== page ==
The first night of the Democratic National Convention drew about 19.7 million viewers on American television, a significant drop-off from four years ago, according to data released Tuesday by the measurement company Nielsen.
The virtual convention, lacking the real-world buzz of typical events, kicked off Monday with Sen. Bernie Sanders, I-Vt., and former first lady Michelle Obama as the headliners. It included a combination of recorded and live events, all of them done remotely. Parts of the convention were carried on the major broadcast networks, and most of it was shown on cable news channels.
But the total audience fell below the 26 million people who watched the first night of the 2016 Democratic National Convention — a 24 percent decline.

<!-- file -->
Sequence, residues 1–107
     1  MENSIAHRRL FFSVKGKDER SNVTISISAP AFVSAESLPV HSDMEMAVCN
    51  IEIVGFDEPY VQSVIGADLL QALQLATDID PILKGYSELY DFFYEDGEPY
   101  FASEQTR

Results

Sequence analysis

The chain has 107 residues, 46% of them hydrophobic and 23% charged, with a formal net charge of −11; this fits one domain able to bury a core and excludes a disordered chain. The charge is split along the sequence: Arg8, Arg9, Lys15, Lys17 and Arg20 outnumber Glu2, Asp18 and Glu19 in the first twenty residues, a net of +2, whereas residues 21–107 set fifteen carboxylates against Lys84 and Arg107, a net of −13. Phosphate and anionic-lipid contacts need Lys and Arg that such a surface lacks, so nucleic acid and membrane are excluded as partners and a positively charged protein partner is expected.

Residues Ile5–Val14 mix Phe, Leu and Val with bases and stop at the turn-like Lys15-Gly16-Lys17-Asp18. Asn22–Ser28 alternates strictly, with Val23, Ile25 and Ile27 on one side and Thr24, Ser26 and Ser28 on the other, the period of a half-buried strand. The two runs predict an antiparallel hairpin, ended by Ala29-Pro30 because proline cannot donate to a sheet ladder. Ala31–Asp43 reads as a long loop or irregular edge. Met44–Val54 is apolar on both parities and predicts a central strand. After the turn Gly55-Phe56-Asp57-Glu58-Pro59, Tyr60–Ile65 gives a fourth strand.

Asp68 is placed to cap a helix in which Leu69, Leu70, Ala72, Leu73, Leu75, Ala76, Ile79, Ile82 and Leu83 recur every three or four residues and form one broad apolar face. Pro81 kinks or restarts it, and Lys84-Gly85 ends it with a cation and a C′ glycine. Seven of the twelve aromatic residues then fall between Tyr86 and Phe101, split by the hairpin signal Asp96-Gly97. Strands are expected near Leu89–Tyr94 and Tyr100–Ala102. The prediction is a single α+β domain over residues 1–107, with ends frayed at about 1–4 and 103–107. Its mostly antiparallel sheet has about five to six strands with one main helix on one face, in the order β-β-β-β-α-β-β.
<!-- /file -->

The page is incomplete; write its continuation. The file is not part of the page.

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The drop-off may have been eased by a growing digital audience that has embraced watching events over the internet. TJ Ducklo, national press secretary for Joe Biden's presidential campaign, tweeted Tuesday that the event drew a total of 28.9 million viewers, with 10.2 million internet streams making up for the TV drop-off.
MSNBC said in a news release that it led all broadcast and cable channels in total viewers for the prime-time hours of Monday night's convention, with 4.3 million viewers from 8 to 11 p.m. ET. CNN attracted 4.1 million viewers, and Fox News drew 3.4 million.
MSNBC is owned by NBCUniversal, the parent company of NBC News.